Lesson from reader sticks with writer


C. Geoffrey Vincent
C. Geoffrey Vincent

By Harry McCawley

I will miss being edited by Geoff Vincent.

It’s been a while since Geoff last took to a keyboard to point out a variety of my misspellings, improper punctuations or poor sentence construction. Sometimes he suggested that my opinions on certain subjects could use a little common sense.

It wasn’t just his edits that drew my grudging admiration. It was the way he pointed those errors out to me that I so admired. His corrections were pure literature.

I came across one in particular in which Geoff needed only a few words to make his point — a 1980 commentary on an editorial in The Republic urging readers to inform the news staff of any errors in its stories so that they could be promptly corrected.

Goff wrote, “Republic, you are brave. Any newspaper that invites readers to report its errors — in an editorial that alone has three — has got to have its heart in the right place.”

Admittedly there was a sting to Geoff’s critique — especially when we re-read the editorial and confirmed Geoff’s discovery of our three errors. It turned out that two were genuine typos, but whether it was the mistake of mechanical or human doings was beside the point. We should have been able to spot the mistakes at some point in the process.

Sad thing is that those edits were after the fact. I still appreciated them because it was his way of telling us that we could do better.

This is not to say that I only got reprimands from his keyboards. Mixed in with his genuine critiques were compliments about something I had written or the way I had written it. Those were real keepers.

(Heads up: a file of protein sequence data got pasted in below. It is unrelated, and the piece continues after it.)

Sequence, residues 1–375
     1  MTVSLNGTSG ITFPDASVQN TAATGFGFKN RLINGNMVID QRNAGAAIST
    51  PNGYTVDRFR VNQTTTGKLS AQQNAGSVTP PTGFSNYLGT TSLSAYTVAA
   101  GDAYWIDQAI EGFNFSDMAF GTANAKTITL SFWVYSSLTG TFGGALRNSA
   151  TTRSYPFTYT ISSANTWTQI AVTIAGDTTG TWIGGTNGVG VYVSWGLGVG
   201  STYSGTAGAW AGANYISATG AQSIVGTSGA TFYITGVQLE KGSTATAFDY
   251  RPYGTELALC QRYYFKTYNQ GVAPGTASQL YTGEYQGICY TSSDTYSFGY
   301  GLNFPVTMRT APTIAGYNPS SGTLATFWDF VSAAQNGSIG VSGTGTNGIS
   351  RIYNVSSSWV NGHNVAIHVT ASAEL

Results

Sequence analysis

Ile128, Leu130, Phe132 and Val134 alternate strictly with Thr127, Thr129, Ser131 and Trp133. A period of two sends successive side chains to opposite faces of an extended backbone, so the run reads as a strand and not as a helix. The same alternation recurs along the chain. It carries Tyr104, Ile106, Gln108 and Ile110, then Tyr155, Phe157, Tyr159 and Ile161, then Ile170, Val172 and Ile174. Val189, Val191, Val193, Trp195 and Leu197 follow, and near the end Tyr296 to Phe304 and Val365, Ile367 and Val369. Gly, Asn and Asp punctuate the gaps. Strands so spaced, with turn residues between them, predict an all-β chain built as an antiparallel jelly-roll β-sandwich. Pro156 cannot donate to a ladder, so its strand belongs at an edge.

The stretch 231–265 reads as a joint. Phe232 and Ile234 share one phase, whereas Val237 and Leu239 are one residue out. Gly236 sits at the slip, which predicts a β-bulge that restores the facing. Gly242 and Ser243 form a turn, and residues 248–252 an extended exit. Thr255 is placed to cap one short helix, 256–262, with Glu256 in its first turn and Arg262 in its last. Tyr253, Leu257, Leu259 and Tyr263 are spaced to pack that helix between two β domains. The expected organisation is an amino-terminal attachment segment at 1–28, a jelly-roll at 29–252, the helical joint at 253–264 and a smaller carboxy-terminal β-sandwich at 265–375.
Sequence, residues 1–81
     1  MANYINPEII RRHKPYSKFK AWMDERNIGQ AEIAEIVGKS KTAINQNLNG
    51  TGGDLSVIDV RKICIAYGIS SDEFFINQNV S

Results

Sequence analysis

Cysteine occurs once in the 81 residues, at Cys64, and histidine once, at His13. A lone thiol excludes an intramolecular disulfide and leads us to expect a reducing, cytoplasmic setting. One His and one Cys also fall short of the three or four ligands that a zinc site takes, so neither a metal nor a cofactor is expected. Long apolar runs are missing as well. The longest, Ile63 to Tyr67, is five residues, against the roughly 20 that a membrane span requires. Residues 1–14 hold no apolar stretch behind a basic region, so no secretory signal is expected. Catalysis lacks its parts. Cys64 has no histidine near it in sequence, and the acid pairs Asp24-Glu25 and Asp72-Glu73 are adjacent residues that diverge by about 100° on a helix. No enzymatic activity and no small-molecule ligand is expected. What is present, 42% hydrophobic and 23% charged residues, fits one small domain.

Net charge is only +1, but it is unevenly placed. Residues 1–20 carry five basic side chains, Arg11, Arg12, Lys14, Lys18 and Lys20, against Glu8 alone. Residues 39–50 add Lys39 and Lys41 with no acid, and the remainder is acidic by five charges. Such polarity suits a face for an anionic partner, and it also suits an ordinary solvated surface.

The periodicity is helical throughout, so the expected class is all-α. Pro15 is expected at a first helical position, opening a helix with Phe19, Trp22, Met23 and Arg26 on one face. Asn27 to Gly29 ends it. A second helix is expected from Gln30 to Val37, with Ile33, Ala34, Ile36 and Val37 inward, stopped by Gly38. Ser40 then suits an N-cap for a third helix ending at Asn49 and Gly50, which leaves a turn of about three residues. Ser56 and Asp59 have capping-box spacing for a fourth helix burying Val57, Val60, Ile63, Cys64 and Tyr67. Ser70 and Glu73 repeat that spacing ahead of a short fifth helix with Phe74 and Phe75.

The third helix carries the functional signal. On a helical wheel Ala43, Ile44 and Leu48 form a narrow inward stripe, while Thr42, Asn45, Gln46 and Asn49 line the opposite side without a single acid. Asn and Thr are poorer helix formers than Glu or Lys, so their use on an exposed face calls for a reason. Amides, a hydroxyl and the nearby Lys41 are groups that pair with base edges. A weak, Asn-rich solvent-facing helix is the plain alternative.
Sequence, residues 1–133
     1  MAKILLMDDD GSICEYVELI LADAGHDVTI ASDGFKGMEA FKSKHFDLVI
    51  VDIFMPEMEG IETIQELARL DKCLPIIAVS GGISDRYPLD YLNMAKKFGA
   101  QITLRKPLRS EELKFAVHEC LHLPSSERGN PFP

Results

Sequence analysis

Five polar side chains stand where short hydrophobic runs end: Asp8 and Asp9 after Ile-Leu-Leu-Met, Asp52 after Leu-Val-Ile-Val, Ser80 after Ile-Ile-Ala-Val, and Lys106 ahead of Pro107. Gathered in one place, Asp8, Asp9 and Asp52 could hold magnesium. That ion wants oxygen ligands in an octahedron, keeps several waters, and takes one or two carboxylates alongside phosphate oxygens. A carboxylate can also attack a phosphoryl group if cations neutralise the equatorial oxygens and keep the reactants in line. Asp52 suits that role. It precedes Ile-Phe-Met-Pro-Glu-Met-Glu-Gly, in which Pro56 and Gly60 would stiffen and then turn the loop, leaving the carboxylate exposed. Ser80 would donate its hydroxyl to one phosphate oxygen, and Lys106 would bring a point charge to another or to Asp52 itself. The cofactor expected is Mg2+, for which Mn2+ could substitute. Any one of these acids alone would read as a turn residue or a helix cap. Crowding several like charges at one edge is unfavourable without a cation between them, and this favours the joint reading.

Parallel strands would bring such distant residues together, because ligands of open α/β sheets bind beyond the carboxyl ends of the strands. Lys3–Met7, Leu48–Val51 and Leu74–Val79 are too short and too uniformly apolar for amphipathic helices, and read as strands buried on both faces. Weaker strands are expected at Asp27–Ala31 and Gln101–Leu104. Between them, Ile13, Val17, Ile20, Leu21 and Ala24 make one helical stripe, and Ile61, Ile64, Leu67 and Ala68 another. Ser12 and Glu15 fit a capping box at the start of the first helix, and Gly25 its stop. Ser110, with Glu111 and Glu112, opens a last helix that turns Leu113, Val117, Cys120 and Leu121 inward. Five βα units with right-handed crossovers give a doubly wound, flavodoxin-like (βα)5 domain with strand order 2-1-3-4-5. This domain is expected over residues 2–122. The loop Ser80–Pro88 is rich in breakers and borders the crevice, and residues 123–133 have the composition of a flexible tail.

I’m not sure when I got Geoff’s last “edit.” Age began playing its inevitable game of catch-up with him several years back. The game ended Aug. 11 when he died at 97.

Obviously at that age one could be described as having lived a full life. In Geoff’s case that would be an understatement.

I envied part of what Geoff was able to accomplish. I dreaded part of what he had to endure.

I met him in the late 1970s shortly after he had taken a position as manager of employee communications worldwide for the then-named Cummins Engine Co. In that position he also served as editor of the company magazine Power Team.

Even though he was a “suit” in the corporate world, the Englishman had an impish quality that drew people to him. He was the sort of fellow with whom you’d like to sit across a table at the old Surrey Inn and down a beer or two.

I think he was immediately drawn to the news staff at The Republic because some of them could relate to his background. In reality, most of us were jealous of what Geoff did and how he went about doing it.

It was his pre-Columbus background that got to me.

In the years immediately preceding his employment at Cummins, Geoff had been the Sunday Editor for the Louisville Courier-Journal, a newspaper I had grown up with through my childhood in neighboring Bardstown, Kentucky.

Primarily through the efforts of owner-publisher Barry Bingham Sr., the C-J had become a quality newspaper, one admired not just within the city or state but across the country.